A woman in the Kansas City area is having a really hard time getting out of jury duty thanks to one judge’s seeming obstinance and Missouri’s arms-crossed, brows-furrowed stance on exempting jurors who breastfeed and don’t have adequate childcare options.
The impossibly-named Laura Trickle from Jackson County, Missouri ran afoul of Judge Marco Roldan after responding to an Aug. 9 jury summons by informing court officials that she was breastfeeding and wouldn’t be taking part in the civic duty festivities. According to a court order, she “willfully and contemptuously appeared for jury service with her child and no one to care for the child” on Sept. 3. Apparently, the breastfeeding excuse doesn’t play too well in Missouri, which, unlike its freewheeling, braless neighbor Kansas, doesn’t yet exempt breastfeeding mothers from jury duty (according to the Kansas City Star, a Missouri state Senator has recently introduced breastfeeding exemption legislation).
Trickle’s current stand-off with the Jackson County court could prove pretty inconvenient — skipping jury duty comes with a possible contempt of court charge, a maximum fine of $500, and possible jail time. Without addressing Trickle’s peculiar case, Judge Roldan, sounding super-duper sympathetic, said Jackson County mothers have only two choices if they really want to keep with the breastfeeding program during the summons: they can pump in a private room and bottle-feed their child later, or they can bring a caregiver to watch the child in the courtroom and then feed the child in a private room. Both of these, according to Trickle, are non-options: her son Axel “doesn’t take a bottle,” and she has no childcare options (also, we should all just take a moment to ponder over the fate of Axel Trickle, who, with such a lyrical name, will either grow into a super-dorky adult whose greatest achievement will be memorizing every Simpsons episode, or the frontman to a heavy metal revival band).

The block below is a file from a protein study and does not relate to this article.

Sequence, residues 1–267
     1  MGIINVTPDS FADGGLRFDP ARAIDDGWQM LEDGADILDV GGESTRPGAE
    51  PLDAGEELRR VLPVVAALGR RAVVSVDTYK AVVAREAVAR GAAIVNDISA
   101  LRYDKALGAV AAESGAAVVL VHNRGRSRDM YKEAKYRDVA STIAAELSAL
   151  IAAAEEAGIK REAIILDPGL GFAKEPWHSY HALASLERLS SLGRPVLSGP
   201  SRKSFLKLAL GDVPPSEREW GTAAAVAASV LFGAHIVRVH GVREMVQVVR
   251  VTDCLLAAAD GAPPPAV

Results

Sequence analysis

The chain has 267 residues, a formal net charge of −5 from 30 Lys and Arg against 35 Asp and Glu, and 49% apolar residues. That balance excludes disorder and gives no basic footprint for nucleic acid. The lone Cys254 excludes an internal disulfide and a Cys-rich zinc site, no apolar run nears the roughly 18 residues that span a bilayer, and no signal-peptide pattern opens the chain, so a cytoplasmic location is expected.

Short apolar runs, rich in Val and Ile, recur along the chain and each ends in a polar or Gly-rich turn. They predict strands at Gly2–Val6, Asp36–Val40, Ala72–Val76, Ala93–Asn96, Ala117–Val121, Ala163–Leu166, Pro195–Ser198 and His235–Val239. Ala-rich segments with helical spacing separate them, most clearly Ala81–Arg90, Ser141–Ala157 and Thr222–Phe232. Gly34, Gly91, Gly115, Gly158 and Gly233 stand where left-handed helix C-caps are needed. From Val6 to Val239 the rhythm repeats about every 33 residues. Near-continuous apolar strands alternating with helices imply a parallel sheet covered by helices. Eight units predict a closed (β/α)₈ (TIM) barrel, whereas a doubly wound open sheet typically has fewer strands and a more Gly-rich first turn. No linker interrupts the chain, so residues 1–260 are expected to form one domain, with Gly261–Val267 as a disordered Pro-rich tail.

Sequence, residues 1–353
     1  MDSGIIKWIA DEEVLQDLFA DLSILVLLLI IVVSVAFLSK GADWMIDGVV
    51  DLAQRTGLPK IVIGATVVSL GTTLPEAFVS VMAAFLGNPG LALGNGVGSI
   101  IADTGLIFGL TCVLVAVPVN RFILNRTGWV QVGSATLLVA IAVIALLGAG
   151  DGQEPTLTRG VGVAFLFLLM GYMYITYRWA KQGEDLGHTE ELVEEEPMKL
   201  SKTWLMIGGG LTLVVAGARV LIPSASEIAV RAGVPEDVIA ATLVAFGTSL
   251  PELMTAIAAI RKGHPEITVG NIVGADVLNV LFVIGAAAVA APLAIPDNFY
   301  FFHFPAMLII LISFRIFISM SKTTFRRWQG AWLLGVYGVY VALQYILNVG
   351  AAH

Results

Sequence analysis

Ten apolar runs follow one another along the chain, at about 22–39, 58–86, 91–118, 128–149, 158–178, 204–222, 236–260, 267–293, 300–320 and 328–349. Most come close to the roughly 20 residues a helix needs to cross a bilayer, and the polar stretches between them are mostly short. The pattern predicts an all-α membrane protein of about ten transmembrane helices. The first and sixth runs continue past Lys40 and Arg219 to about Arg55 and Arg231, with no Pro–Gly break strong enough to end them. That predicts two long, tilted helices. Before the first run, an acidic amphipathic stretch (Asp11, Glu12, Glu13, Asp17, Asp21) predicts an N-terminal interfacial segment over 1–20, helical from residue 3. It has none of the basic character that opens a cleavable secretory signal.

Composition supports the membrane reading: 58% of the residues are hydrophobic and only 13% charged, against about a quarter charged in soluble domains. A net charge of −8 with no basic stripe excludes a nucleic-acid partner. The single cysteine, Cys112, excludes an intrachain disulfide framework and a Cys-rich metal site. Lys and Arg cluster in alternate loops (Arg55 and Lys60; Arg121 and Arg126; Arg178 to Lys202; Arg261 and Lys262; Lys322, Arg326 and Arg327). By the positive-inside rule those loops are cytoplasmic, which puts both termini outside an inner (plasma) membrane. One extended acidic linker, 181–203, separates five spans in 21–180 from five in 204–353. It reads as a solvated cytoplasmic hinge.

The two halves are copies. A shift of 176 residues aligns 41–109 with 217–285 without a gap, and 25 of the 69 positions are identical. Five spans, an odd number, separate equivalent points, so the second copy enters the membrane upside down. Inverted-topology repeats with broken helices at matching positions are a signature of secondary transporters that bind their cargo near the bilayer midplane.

It would seem that Roldan is being a stickler just ‘cause — he told the Star that “50 percent [of potential jurors] are not even going to go upstairs to a case,” but he likes to keep potential jurors available because he is a self-righteous Aaron Sorkin character who likes to monologue about American civic duty. Or something. Unsurprisingly, Trickle’s difficulties have attracted attention from Missouri politicians and the La Leche League, an international organization that promotes breastfeeding.
A Missouri spokeswoman for the League, Nikki Simmons, seemed to think that reversing Missouri’s intransigence on the breastfeeding-juror issue might be trickier than it initially appears, since lawmakers considering breastfeeding mothers as exempt would most likely also have to consider exempting summoned citizens who care for the elderly or infirm. The best thing breastfeeding moms in Missouri can do, Simmons told the Star, is not go immediately on the defensive, but wander down to the court and have a gentle conversation with a gatekeeper. Some judges can be finger-wagging jerks, and often demand “concrete” reasons for exemption.
Image via Getty